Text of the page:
Animal that has 4 legs, e.g. a horse.
The way things are defined based on what you can observe rather than what you can measure, e.g. the colour, smell, or taste something is a qualitative definition.
The way things are defined based on what you can measure, e.g. how hot something is can be measured according to its temperature, and so is a quantitative definition.
A unit of energy according to the quantum theory, usually referring to the radiation or absorption of energy. Quanta (the plural of quantum) can be of different sizes. (See also Quantum theory.)
A theory (an idea with is not yet proven to be true) that energy is radiated and absorbed in units called quanta. According to the theory, the size of these quanta (E) is defined by the equation E = hυ (in which h is a constant, called Planck’s constant, and υ is the frequency of the radiation). (See also Quantum.)
Very common mineral found in the earth’s crust, consisting of silica (silicon dioxide, SiO2). Often found as extremely hard crystals which can be colorless and transparent when they are very pure.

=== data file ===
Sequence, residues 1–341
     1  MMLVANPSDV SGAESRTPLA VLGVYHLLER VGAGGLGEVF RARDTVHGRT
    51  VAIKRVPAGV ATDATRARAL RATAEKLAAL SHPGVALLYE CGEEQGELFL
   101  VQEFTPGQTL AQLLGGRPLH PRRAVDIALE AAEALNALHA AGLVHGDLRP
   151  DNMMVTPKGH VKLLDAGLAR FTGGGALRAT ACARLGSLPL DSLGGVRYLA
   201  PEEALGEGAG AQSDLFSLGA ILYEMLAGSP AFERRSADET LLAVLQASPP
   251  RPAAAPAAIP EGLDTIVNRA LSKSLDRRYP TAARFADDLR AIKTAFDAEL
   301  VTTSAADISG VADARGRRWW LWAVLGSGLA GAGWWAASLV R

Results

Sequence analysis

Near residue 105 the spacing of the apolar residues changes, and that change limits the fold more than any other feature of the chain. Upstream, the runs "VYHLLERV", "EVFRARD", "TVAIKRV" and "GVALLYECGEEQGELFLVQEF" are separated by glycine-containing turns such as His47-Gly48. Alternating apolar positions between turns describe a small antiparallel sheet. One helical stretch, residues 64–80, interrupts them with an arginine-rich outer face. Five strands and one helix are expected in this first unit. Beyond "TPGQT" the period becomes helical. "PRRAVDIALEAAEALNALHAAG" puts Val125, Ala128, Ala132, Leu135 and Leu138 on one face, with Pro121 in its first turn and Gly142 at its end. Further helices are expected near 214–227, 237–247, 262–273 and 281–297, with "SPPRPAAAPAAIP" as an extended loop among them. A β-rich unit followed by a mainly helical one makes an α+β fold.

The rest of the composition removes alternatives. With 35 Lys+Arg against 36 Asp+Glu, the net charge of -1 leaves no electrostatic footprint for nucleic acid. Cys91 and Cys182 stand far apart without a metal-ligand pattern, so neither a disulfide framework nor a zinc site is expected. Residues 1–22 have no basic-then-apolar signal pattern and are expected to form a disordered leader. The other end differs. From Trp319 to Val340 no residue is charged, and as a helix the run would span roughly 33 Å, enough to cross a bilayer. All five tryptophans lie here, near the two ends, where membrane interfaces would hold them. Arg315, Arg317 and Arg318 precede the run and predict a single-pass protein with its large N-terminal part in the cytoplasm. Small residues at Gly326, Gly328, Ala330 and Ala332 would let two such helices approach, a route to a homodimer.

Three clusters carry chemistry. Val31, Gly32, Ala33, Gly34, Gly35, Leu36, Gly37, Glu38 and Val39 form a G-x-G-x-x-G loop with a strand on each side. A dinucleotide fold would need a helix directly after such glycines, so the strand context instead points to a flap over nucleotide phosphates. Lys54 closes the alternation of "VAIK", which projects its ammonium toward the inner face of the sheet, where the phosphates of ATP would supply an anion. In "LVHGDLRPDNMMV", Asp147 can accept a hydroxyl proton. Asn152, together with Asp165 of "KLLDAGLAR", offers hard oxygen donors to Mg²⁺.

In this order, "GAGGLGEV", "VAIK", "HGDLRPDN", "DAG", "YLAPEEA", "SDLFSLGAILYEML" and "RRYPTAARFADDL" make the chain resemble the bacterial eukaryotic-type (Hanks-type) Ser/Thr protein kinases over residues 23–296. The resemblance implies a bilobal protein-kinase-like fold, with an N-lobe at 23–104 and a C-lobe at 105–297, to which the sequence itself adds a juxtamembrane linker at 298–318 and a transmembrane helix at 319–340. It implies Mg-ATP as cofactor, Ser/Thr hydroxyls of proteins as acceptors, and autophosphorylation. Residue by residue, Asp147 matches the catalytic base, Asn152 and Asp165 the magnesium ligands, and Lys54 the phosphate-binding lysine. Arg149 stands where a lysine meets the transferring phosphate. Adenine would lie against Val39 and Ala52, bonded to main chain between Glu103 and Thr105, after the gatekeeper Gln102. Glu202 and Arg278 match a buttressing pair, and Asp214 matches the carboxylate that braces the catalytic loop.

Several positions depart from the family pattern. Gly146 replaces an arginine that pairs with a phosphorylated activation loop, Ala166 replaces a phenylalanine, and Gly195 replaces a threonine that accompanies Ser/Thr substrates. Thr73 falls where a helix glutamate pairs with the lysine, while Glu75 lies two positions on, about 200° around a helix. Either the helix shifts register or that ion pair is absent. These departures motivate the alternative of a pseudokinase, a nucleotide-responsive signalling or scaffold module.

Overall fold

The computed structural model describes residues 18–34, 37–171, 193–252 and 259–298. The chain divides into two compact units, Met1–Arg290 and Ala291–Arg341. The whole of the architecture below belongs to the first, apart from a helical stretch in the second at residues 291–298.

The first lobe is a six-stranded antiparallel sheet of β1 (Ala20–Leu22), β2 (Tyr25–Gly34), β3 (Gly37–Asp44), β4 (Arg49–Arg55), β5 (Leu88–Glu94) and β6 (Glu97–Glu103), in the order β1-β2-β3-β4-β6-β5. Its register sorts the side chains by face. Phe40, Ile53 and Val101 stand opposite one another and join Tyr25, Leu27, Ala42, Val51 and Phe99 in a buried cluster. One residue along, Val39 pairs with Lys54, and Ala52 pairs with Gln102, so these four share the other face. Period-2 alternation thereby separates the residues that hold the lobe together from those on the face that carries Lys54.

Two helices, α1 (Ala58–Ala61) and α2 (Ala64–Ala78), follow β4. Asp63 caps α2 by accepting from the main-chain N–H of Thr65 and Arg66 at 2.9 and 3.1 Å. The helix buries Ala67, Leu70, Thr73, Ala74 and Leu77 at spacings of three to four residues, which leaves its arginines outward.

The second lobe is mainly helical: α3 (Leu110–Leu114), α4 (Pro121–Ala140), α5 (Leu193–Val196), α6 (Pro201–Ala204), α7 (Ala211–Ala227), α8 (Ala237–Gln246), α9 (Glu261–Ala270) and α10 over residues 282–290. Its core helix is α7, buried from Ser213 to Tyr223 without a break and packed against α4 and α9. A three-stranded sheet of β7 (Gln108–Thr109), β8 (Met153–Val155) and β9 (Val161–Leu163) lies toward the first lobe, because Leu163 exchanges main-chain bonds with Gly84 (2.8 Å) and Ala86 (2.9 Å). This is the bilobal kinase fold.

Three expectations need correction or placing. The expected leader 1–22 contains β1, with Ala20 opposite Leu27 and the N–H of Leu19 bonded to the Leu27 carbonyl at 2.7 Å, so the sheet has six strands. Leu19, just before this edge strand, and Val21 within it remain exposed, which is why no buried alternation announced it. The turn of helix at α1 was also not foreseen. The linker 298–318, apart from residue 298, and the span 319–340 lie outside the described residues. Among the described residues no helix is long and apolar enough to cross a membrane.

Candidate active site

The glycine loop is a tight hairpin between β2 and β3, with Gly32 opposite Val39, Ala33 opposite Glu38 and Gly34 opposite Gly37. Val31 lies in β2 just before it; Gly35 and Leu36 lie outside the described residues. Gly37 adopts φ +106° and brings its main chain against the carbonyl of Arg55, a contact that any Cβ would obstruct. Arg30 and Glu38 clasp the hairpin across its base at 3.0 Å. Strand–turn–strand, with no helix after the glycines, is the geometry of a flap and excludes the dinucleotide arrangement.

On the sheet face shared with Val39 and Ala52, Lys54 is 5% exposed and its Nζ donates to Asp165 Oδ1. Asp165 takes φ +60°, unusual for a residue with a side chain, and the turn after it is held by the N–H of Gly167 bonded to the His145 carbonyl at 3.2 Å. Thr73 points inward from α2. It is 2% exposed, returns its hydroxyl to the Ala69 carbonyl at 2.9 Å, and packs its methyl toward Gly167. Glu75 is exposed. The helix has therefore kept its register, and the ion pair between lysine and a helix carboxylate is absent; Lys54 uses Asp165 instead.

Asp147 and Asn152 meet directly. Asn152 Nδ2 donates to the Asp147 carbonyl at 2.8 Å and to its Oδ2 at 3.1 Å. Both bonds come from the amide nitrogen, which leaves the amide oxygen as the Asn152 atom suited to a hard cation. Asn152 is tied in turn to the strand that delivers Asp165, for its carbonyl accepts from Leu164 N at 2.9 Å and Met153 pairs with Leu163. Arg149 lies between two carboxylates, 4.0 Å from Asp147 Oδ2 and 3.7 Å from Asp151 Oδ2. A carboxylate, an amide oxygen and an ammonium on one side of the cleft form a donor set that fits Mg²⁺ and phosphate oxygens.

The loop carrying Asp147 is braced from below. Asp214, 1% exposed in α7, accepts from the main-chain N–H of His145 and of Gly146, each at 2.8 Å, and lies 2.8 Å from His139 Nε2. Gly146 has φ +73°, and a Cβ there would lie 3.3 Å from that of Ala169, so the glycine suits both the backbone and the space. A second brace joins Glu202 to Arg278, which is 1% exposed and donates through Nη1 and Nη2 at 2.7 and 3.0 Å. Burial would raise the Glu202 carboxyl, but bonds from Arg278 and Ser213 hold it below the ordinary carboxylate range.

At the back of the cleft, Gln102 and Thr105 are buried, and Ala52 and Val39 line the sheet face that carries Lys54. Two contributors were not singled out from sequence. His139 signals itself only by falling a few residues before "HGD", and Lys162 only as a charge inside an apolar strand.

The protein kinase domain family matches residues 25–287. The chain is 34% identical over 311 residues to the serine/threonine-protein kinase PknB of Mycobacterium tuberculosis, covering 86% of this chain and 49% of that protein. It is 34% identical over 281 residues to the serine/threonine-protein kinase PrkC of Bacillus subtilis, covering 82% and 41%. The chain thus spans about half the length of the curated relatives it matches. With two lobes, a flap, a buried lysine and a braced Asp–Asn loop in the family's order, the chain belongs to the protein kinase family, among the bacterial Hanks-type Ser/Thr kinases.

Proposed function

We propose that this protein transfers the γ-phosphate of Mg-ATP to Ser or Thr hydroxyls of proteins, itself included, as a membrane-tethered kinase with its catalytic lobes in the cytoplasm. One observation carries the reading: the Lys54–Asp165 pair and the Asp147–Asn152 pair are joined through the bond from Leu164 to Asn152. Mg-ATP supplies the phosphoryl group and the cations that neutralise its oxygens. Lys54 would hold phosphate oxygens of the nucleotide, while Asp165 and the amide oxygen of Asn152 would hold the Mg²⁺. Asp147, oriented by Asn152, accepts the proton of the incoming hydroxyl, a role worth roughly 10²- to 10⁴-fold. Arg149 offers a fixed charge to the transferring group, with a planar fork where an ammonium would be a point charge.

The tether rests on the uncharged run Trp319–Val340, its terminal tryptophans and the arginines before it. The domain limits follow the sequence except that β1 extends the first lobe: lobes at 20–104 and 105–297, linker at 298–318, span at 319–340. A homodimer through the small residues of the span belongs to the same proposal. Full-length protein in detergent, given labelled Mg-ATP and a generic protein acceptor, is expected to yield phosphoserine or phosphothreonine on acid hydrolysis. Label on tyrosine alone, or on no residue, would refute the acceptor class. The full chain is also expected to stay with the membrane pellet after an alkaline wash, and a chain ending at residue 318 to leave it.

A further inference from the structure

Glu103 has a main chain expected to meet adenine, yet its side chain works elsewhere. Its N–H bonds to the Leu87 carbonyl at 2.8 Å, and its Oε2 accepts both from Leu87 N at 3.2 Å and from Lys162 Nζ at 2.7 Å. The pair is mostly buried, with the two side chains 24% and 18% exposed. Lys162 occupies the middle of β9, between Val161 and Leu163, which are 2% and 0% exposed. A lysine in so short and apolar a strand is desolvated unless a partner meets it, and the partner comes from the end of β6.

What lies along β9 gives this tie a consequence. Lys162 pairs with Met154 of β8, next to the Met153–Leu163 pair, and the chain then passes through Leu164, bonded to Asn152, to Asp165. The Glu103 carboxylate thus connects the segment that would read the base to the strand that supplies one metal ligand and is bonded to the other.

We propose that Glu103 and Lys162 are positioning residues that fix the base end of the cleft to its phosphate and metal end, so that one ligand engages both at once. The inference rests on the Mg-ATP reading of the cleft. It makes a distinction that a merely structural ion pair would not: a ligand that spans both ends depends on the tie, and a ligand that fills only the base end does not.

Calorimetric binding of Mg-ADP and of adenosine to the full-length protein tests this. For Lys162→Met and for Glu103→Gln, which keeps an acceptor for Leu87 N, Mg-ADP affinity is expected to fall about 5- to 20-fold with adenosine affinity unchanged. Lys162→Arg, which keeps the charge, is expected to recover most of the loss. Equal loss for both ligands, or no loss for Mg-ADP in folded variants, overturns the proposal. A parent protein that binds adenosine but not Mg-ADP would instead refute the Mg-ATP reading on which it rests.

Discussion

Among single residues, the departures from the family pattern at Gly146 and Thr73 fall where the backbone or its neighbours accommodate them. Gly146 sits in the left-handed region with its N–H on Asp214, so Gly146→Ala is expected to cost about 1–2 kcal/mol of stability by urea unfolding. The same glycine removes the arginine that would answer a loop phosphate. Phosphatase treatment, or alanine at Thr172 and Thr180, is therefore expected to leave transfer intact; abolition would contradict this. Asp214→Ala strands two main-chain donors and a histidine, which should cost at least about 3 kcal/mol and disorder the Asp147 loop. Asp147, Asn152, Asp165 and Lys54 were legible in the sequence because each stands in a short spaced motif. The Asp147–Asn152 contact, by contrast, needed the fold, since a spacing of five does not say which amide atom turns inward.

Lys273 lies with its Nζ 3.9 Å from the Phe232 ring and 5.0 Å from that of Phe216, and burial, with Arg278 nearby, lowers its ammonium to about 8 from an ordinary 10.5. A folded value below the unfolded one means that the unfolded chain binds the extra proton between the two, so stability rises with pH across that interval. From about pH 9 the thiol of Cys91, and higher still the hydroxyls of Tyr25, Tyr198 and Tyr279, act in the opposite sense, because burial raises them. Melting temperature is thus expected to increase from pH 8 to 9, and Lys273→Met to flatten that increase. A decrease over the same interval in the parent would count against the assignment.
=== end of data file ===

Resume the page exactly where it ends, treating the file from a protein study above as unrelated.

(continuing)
An old-fashioned name for the liquid-metal element mercury. (See also Mercury.)
Edible fruit of a small tree or shrub, very similar to an apple but usually too sharp (or acidic) to eat. Not often used nowadays, but sometimes made into jam.
Compound known as an alkaloid extracted from the bark of the South African Cinchona tree. Inhibits the reproduction, in the human body, of parasites that cause the disease malaria. Was widely used to treat malaria in the 19th and early 20th centuries, and was particularly taken as a prophylactic (something that prevents a disease). Has now largely been replaced with more effective anti-malarial drugs. (See also Alkaloid.)